When the students came to the lab, they drew their dreams on the iPad using the Drawing Box app. (I like the paid version because there are more tools,) When finished, the children learned how to save the drawing to the camera roll so that it could be used for the second part of the project.

The next step was to create a new book in the Book Creator app. This is one of my very favorite apps! It is simple to use for all ages. Students can email books to me and these can be very quickly combined into a class book. Love it!!

The students easily inserted their photo into Book Creator, recorded their narration, and then emailed the book to me. I compiled the individual books into one class book which was uploaded to Dropbox so that it could be shared with parents. (See below for instructions.)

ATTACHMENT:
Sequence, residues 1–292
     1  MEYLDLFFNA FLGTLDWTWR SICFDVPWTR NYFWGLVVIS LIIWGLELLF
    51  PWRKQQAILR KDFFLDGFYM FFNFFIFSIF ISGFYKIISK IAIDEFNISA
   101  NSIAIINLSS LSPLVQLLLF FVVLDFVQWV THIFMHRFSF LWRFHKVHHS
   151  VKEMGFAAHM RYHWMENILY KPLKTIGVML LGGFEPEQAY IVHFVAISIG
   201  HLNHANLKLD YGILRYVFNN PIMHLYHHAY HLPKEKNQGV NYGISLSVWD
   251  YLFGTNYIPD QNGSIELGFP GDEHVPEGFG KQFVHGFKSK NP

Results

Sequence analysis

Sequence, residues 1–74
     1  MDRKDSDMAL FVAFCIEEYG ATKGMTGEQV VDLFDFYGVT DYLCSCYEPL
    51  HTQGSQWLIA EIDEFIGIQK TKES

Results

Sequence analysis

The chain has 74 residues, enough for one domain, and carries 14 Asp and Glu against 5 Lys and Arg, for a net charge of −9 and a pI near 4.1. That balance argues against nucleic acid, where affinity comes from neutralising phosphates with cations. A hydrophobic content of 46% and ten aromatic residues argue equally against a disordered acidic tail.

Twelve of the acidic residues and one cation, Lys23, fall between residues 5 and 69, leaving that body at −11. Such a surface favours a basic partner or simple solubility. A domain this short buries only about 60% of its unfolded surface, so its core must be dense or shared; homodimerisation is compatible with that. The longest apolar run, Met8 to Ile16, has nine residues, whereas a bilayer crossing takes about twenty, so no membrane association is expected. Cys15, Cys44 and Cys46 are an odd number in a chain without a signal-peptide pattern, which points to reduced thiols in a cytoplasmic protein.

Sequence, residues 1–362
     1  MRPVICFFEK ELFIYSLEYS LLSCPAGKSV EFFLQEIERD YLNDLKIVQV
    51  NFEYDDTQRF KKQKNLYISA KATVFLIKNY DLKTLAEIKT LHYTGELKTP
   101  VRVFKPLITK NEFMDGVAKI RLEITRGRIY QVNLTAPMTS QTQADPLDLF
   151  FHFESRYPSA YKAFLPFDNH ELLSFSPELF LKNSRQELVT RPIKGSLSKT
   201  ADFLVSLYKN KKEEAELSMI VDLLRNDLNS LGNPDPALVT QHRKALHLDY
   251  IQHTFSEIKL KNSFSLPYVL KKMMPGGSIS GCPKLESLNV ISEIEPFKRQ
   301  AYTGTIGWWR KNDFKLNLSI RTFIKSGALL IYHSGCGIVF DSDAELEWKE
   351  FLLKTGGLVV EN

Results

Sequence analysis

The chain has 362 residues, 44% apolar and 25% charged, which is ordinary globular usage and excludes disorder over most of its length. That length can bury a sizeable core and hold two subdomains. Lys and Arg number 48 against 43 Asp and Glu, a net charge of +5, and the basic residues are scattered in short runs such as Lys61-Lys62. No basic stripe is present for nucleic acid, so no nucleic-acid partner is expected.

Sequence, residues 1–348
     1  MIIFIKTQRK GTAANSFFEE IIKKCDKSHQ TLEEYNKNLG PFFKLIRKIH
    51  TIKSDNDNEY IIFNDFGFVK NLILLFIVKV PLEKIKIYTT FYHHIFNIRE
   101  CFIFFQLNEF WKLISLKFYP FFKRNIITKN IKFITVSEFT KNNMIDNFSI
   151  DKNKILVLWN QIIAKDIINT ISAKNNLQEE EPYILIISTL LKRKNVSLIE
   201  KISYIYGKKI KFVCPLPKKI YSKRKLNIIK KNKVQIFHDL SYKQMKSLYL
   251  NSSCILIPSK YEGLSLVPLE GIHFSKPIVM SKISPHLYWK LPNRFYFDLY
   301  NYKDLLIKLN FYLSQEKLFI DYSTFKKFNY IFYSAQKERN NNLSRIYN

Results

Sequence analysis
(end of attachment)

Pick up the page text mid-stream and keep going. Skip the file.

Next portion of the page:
Apps used to create and publish the class book.

Apps used to create and publish the class book.

Chasing Our Dreams Class Book

Directions to download books to your iOS device (iPad, iPhone, etc):

  • You will need the iBooks app (free) installed on your iOS device.
  • Click on the book link above (while on your iOS device).
  • Tap on the download button.
  • Choose Open in . . . and then choose Open in iBooks
  • The book is now in iBooks on your iOS device.

Directions to read the ePub book on a computer:

Working on a Collaborative eBook

Jane Cooper, one of our second grade teachers signed up for a fantastic collaboration project that Kristen Wideen (a teacher in Winsor, Ontario) initiated. The Global Community iBook Project asks teachers from all over the world to contribute a couple of pages about their community.

The information is written in the Book Creator app for iPad and then uploaded to Kristen’s Dropbox account. She will then combine all the pages into one book.